Backflow happens when water flows in the opposite direction than what’s intended, and it boils down to pressure — either your water system has an unusual buildup of pressure and is pushing water out, or the main supply lines act as a vacuum and suction water in. The respective technical terms are back pressure or back-siphonage. But whether it’s a push or a pull, the result is the same: water is being drawn out of your home’s pipes into the public supply. At PlumbV we offer many services including backflow prevention testing, backflow troubleshooting, and backflow prevention maintenance, to help with backflow prevention to keep you and your family safe.
Common Scenarios That Cause Backflow
There are numerous scenarios that can cause backflow to happen in your home. The most common causes are:
- Hydrant in use
- Water main break
- Prolonged power outage
- Water turned off during projects
When backflow happens, a backflow preventer keeps dirty, contaminated water from entering the main water supply lines. This action protects your family’s drinking water and also keeps pollutants from entering the public water system.
Backflow Signs to Look For
Whether you have a backflow device installed in your home or not, keeping an eye out for these symptoms will let you know that there is an issue to address:
- • Fluctuation in water pressure
- • Cloudy or discolored water
- • Foul-smelling water
- • Visible rust particles or sediment
- • Bad-tasting water
- • Slow or erratic drainage
But there may not be obvious, physical signs. That’s why if your home has any of the following, a backflow preventer is always required:
- • Boiler
- • Whole-house humidifier
- • Fire sprinklers
- • Lawn irrigation
- • Plumbed water fountain, pond, pool, or hot tub
- • Private well cross-connected with public water supply
- • Structure with an exterior potable water fixture located near a permanent body of non-potable water
Backflow is a serious health and safety concern. Pollutants, harmful chemicals, and dangerous organic material could be mixed into the water supply and end up in the community’s drinking water. And a proper installation is key — if it’s outdoors and not well-insulated, a backflow preventer can freeze like any other pipe. So if you ever see water leaking from your backflow preventer, it’s definitely time to call in an expert.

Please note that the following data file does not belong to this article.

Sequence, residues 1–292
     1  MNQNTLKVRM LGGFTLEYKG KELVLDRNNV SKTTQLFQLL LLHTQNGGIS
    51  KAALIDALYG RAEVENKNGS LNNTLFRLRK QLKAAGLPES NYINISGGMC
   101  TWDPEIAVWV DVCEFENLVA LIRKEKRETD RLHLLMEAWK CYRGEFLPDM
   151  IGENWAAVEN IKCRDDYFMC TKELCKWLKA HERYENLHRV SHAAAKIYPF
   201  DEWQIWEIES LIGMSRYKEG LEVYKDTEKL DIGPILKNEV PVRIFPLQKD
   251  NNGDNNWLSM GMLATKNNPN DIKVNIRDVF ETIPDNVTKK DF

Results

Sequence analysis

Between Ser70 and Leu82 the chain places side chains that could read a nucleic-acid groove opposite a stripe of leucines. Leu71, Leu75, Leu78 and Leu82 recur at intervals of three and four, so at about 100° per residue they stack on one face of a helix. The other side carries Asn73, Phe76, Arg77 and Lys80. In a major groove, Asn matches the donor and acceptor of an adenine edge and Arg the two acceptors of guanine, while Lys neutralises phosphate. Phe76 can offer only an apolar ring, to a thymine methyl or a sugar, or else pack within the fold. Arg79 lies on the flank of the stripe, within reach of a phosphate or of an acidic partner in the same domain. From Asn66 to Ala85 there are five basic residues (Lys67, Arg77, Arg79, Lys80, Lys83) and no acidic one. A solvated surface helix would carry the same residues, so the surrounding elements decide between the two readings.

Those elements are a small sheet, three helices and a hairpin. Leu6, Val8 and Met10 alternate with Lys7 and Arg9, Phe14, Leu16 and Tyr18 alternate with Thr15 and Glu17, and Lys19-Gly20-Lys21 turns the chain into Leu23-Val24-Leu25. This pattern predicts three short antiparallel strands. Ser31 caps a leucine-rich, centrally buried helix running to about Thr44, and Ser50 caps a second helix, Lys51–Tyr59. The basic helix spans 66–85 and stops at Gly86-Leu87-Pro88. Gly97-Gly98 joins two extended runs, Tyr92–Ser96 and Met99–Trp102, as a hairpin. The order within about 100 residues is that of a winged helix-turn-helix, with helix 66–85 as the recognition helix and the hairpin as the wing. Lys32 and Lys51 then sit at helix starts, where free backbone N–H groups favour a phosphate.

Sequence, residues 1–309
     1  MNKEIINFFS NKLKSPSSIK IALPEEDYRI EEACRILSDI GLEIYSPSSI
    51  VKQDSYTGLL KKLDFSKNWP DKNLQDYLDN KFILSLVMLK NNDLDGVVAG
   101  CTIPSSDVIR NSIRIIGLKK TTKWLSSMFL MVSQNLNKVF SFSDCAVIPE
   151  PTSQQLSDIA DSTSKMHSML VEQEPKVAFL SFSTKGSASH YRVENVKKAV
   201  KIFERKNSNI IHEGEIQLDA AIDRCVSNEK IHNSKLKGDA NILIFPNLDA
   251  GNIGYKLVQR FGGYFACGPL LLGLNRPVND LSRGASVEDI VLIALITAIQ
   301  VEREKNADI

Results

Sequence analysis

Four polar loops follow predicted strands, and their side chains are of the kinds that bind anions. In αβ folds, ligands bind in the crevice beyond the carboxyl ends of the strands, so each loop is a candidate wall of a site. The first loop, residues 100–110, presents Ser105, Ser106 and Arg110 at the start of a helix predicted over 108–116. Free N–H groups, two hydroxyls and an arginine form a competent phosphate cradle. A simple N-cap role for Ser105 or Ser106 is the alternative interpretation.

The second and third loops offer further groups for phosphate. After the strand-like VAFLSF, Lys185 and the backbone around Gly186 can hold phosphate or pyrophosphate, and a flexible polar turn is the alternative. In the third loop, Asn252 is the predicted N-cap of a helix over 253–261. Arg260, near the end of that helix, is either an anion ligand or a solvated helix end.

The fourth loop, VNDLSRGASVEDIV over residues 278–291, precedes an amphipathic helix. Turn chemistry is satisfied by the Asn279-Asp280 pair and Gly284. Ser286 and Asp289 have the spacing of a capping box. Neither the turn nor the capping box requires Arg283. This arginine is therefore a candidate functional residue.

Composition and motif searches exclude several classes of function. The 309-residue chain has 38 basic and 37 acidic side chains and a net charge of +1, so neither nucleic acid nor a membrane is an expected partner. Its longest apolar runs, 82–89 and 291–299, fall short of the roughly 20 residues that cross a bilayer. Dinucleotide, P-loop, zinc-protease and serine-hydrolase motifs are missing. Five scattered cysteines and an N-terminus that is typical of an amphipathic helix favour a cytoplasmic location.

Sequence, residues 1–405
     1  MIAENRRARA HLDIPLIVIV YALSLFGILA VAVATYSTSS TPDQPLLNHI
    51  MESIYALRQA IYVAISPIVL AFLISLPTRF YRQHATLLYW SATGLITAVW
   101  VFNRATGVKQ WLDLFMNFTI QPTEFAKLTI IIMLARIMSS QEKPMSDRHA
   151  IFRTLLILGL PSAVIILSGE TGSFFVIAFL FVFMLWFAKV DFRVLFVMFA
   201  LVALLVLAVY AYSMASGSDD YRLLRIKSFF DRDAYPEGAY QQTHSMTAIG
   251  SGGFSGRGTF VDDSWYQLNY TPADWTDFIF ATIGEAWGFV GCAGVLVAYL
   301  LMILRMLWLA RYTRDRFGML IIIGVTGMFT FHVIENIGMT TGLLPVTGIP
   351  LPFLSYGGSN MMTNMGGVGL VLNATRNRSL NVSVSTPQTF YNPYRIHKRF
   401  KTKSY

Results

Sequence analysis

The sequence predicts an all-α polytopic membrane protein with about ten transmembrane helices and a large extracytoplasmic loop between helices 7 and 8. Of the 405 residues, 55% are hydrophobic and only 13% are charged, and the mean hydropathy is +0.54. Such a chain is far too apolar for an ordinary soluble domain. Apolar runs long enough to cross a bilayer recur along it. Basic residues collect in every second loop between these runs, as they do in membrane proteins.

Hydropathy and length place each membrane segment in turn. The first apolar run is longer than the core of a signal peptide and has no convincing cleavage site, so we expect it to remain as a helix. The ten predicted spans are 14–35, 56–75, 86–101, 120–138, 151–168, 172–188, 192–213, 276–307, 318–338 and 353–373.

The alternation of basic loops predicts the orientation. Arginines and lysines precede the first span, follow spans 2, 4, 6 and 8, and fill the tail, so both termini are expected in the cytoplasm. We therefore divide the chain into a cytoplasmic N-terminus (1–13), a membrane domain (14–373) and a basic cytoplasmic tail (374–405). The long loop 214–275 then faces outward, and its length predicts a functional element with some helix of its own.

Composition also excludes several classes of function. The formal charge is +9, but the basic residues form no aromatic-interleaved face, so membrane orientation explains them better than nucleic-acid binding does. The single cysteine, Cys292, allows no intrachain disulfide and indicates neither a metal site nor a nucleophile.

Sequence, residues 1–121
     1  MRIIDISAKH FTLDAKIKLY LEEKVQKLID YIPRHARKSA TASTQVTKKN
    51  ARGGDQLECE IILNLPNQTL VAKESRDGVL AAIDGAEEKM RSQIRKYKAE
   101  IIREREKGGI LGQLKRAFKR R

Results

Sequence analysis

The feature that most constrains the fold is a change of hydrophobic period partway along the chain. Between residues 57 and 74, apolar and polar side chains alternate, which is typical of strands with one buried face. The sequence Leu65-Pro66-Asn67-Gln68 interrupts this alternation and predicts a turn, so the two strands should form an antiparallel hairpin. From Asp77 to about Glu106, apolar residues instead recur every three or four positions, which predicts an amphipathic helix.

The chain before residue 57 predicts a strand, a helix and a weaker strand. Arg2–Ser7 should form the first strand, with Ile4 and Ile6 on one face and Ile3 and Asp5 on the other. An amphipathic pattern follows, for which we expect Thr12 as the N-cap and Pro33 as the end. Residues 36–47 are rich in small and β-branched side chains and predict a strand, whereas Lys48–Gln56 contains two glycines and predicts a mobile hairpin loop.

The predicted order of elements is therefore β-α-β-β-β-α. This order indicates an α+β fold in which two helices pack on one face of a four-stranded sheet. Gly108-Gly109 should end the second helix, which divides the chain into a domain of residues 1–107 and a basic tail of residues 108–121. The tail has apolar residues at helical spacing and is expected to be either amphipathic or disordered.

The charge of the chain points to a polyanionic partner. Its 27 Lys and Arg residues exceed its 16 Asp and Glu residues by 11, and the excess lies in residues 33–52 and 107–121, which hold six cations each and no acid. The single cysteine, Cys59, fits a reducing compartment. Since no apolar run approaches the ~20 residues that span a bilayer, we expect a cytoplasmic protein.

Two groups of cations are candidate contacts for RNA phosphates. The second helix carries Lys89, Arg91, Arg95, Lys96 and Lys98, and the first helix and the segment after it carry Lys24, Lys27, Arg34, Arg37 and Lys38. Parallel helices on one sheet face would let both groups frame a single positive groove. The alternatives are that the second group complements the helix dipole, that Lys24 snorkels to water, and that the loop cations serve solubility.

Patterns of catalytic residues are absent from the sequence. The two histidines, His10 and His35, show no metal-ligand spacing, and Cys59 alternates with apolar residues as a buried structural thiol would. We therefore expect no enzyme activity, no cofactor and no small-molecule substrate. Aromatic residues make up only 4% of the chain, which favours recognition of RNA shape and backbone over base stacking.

Professional Installation, Testing, and Preventative Maintenance
Device types vary, but PlumbV professionals will take the guesswork out of your decision, recommending a quality backflow preventer device that’s ideal for your situation. We typically install one of two types — dual check or RPZ — depending on the level of potential hazard.
From determining your backflow needs to installing and annual testing, we handle every step of the process. Here’s what you can expect from us:
The device will be installed onto the main water line, which requires digging to locate — dig time will vary, depending on location. Expect water to be shut off for up to 6 hours, depending on the device used. We respect your property and will make this a smooth process.
Water will only be shut off to the device via a special valve. Testing should only take around 30 minutes and results are then sent to authorities.
A technician will assess the backflow device for damage, order the needed parts, and schedule an appointment for the repair.
Some of the backflow work we do at PlumbV is connected to our clients’ lawn, garden, and landscape irrigation systems. And though we don’t service irrigation systems themselves, we can offer some signs to look for that might help you spot potential backflow problems:
- Dead or wilting lawn/plants
- Pooling water or excessive muddiness
- Incorrect water dispersal
- Pressure inconsistencies
For various reasons, backflow prevention devices can fail. That’s why a yearly inspection is a must — it’s the best way to spot and address potential problems. And annual testing is required by local authorities. Our testing equipment is well-maintained and recalibrated each year, and we keep up-to-date on local requirements. We are also licensed, professional plumbers and meet North Carolina’s qualifications for backflow preventer installation, inspection, and repair work.
At PlumbV, we provide full service to residents in the greater Triangle region, including Raleigh, Durham, and Chapel Hill — we look forward to helping and serving you! If you have questions about this service or aren’t sure if you need to install a backflow prevention device, please contact us today!